There's a lot of exposition in this story. It would have been easier just to have been there, dear reader, but you wouldn't have enjoyed it. It's long, but it does get entertaining. Really.

It was my mother's funeral, and outside the snow was beginning to ease up. The church wasn't full, not in a town this size and with many of mom's friends dead or too old to make the trip from wherever they lived, but it was a respectable showing, and it was enough: enough that the speakers could be heard, enough that the quiet laughter at humorous memories sounded appreciative rather than lonely.

Not enough to drown out my son's protestations at having his freedom curtailed. When you're sixteen months old, whaddareya gonna do? Fuss, that's what. That's what toddlers do.

[livejournal.com profile] mljm</> finished her music and came down to sit with us. When J became too boisterous, she left with him, God bless her. I've been told over and over that the sound of a child in a church is no big deal, often welcomed by the older members of the congregation who love the life it brings and, truth be known, probably can't hear it anyway, but it ruins the experience for me and always has. We should have kept him around though: he might have enjoyed the circus to come.The Madness of King Joe. )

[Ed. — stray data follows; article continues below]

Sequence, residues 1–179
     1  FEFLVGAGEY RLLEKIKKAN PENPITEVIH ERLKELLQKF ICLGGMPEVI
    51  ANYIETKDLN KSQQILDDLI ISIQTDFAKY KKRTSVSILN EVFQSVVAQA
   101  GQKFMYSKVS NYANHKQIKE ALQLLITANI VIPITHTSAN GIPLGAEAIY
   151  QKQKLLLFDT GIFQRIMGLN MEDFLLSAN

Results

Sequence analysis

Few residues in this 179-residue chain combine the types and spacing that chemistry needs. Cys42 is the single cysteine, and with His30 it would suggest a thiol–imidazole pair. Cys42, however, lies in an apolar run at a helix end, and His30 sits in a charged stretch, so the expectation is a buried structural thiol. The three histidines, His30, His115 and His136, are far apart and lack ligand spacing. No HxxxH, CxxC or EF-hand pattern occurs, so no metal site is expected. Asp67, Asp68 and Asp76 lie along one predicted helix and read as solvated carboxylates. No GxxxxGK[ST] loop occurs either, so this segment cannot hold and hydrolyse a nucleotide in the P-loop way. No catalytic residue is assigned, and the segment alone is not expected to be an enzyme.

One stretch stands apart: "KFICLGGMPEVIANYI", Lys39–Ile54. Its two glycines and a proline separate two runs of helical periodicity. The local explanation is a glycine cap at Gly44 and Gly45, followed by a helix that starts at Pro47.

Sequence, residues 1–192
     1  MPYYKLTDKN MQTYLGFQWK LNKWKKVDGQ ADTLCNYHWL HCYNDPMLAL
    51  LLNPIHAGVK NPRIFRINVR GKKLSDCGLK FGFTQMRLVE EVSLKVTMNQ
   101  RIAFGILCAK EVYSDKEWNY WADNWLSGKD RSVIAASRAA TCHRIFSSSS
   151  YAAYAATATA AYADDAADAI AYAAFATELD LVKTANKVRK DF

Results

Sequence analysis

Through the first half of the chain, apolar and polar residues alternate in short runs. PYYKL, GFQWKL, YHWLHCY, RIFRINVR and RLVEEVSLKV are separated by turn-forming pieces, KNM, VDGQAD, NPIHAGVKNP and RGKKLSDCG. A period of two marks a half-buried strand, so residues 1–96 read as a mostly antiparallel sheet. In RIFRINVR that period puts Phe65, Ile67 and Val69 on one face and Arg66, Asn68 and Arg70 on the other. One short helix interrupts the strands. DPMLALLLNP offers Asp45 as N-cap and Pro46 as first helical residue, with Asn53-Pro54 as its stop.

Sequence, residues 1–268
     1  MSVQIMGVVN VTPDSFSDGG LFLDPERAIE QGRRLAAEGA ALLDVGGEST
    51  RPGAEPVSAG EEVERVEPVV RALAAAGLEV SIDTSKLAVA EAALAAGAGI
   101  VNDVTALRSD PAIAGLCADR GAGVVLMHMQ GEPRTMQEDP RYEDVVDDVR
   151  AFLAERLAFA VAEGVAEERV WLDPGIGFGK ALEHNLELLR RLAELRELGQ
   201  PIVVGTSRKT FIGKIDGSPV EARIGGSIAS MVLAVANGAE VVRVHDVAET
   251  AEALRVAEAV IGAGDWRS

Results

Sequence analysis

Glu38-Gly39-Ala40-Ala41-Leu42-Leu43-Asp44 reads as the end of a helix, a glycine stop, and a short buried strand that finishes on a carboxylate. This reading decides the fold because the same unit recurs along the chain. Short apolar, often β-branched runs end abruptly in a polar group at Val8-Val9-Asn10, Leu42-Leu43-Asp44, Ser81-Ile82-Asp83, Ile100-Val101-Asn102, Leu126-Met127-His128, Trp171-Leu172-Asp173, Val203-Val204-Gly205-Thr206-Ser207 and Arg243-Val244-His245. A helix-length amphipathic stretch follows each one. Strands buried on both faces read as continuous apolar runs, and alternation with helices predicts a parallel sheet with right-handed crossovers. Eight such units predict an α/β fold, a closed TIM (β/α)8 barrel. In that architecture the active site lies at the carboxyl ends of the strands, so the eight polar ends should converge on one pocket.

mapsedge: Me at Stone Bridge Coffee House (hat)
With apologies to [livejournal.com profile] fantomas71.

It was the day of my mother's funeral, and it was snowing.

Death visits Nebraska... )
mapsedge: Me at Stone Bridge Coffee House (hat)
With apologies to [livejournal.com profile] fantomas71.

It was the day of my mother's funeral, and it was snowing.

Death visits Nebraska... )
mapsedge: Me at Stone Bridge Coffee House (Default)
I'm not really ready to write about this, though I want to just for the catharsis of it, because I need to get the facts down before my foggy synapses lose the memories. The quick facts, then, and to bed. After a day spent toolin' all over south-Eastern Nebraska, I'm pooped. No, more than pooped. Fucked-up-exhausted.

My mother died this morning at 12:43. Courtesy snip... )
mapsedge: Me at Stone Bridge Coffee House (Default)
I'm not really ready to write about this, though I want to just for the catharsis of it, because I need to get the facts down before my foggy synapses lose the memories. The quick facts, then, and to bed. After a day spent toolin' all over south-Eastern Nebraska, I'm pooped. No, more than pooped. Fucked-up-exhausted.

My mother died this morning at 12:43. Courtesy snip... )